Tropical Weather does not Amount to Much, Scattered Action ~ July 30, 2016

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Anglers –
July 30, 2016

More tropical weather this past week, pretty much the entire week there were forecasts of thundershowers, though mostly isolated and not associated with any high winds or swell conditions. No port closures either, though there were many charter cancellations or changes due to unpredictable weather patterns. Hurricane Frank was the latest named storm, passing within several hundred miles off to the west and never amounting to any impact with land, only a couple of days with higher surf conditions early in the week and definitely an increase in humidity. Increased cloud cover has been a welcome relief, after enduring scorching days that reached up to a 110 degree heat index. Next week is forecast to be clearer, so we will hope that this helps to get the fish more active, as this past week the all-around action has been very scattered, a few nice fish here or there, no consistent numbers of any particular species.

Clean blue water is now within a couple of miles from shore, swift currents have been sweeping through the fishing grounds and water temperatures have ranged from 80 to 85 degrees. In the marina channel area bait vendors have offered mixed quantities of caballito, mullet and moonfish, with a few odd species mixed in, some slabs of squid are starting to be used again as well.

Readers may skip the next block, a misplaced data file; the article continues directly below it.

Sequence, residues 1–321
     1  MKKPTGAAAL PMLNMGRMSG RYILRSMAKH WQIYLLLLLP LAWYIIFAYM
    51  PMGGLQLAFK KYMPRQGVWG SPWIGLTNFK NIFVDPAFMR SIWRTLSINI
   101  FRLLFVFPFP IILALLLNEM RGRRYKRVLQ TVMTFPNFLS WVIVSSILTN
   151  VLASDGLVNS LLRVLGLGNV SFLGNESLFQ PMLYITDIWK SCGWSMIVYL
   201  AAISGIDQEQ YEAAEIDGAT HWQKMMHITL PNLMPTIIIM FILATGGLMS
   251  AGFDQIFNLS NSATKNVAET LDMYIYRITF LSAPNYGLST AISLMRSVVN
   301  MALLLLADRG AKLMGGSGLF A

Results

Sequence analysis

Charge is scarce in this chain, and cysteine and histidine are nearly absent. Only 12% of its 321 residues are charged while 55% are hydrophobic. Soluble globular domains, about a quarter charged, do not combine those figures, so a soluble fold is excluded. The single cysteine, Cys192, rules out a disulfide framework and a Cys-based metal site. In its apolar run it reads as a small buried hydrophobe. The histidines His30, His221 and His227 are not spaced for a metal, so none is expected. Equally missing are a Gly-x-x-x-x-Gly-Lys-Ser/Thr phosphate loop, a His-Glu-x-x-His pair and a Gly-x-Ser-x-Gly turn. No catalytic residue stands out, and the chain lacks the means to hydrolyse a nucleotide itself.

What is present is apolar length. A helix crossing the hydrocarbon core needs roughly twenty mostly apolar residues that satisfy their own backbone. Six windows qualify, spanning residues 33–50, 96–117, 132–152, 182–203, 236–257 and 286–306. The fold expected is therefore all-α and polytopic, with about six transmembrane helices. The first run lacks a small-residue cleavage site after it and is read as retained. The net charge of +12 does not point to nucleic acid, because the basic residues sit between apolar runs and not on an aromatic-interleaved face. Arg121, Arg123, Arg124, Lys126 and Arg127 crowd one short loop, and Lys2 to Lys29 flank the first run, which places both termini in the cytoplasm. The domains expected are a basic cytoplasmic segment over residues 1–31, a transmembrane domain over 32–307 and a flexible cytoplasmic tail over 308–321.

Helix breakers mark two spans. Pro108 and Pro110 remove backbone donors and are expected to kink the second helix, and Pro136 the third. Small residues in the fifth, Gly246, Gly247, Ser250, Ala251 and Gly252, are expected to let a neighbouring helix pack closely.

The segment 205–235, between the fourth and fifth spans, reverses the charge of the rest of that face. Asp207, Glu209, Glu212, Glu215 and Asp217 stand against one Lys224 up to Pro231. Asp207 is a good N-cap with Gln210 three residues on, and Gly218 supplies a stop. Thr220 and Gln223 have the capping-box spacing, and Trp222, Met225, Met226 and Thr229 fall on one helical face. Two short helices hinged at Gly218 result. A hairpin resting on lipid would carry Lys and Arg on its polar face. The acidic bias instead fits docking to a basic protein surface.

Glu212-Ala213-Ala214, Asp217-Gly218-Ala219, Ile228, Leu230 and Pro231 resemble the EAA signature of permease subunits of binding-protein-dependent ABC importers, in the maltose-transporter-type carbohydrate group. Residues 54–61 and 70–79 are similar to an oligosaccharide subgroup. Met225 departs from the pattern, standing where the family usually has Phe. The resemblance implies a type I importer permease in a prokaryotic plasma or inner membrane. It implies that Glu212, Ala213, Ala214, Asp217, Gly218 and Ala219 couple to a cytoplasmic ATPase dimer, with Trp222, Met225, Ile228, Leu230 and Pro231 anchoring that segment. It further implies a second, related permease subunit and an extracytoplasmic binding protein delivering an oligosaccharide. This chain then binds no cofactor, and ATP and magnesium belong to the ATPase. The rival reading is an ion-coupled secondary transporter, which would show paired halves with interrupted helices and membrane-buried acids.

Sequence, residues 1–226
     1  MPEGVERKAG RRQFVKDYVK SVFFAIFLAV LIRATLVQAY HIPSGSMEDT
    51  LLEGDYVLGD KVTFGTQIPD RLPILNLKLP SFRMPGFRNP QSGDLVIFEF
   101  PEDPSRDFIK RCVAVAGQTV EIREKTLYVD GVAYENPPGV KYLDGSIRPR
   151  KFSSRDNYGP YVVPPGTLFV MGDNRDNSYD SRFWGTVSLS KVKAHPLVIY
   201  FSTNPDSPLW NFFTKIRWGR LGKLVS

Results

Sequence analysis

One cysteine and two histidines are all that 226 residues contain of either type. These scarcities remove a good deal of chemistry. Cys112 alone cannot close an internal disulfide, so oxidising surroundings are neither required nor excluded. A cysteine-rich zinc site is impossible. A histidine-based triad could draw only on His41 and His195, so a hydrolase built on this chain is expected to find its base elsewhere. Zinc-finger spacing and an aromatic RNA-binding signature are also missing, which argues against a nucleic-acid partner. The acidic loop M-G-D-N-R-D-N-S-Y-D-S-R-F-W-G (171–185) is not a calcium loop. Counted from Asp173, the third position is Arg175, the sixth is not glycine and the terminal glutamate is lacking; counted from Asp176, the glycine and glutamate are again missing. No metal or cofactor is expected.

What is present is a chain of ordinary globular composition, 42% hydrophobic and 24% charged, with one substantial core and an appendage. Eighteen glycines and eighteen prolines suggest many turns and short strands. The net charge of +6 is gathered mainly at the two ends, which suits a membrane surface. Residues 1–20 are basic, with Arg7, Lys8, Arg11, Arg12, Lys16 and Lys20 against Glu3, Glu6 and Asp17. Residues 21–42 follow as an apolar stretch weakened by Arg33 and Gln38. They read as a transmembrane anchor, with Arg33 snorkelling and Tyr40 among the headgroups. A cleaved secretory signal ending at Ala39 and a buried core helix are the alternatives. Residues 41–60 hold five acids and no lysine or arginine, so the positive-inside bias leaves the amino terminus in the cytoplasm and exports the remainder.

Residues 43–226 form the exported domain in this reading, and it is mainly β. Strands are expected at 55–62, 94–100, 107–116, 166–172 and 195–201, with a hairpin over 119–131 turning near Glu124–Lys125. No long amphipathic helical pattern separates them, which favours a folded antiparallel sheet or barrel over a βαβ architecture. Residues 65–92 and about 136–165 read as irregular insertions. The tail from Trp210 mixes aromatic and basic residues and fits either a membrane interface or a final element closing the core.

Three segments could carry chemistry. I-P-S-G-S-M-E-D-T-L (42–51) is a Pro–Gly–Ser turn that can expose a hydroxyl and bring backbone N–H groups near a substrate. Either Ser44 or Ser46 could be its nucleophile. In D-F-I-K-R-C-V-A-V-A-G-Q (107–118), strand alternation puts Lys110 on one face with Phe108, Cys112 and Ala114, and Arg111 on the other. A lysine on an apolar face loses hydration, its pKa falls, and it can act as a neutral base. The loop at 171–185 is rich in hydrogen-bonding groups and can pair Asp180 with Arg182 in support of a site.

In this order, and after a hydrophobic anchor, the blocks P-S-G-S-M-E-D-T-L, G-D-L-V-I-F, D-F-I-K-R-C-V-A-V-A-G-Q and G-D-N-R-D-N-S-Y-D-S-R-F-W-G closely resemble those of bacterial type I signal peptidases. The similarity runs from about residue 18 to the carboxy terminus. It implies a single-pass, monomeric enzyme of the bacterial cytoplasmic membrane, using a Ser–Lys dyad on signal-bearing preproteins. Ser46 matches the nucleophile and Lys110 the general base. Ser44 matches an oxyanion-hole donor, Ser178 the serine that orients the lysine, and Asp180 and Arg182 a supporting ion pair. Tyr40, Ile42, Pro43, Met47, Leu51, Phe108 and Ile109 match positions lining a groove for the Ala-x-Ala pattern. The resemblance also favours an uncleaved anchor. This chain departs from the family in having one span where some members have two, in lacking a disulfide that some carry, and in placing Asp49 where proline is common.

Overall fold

Early in the day boats have been doing okay on yo-yo jigs near the San Luis Bank, some red snapper (huachinango), cabrilla, pargo, bonito and amberjack. Though not many charters were even trying this action for various reason, one of them being late departures due to having to check weather possibilities. Local fleets found their best option within several miles of shore from Cardon to San Luis Bank. Average caches were just handful of fish per boat this past week, highlight of these catches were wahoo, which went back on the bite in the area of La Fortuna, striking mainly on trolled Rapalas, a few on rigged baits. No huge numbers of these wahoo, though some boats accounted for up to three fish, though anglers were fortunate to land one or two, sizes ranged from 20 to 50 lbs., several nice sized ‘hoo were accounted for and of course the usual stories of other lost fish.

Offshore action was slow, occasional encounters with striped marlin, sharks and smaller sized dorado. There is more consistent billfish action now being found out of the East Cape, a mix of striped and blue marlin, one blue marlin over 600 lb. was reported, but besides finding marlin their bite has been very limited.

Yellowfin tuna were in the area, though no big numbers, the majority being smaller sized 10 to 35 lb., striking yo-yo jigs and medium sized trolling lures, some also hitting on stripped squid, no consistent action or significant numbers on a day to day basis. Some larger sized yellowfin were reported on the Pacific Banks off of Cabo San Lucas, though again a hit or miss scenario.

Getting late it he season now, though roosterfish and jack crevalle continue to be found patrolling inshore stretches, striking on slow trolled live baits. Roosterfish to 50 lb. were accounted for.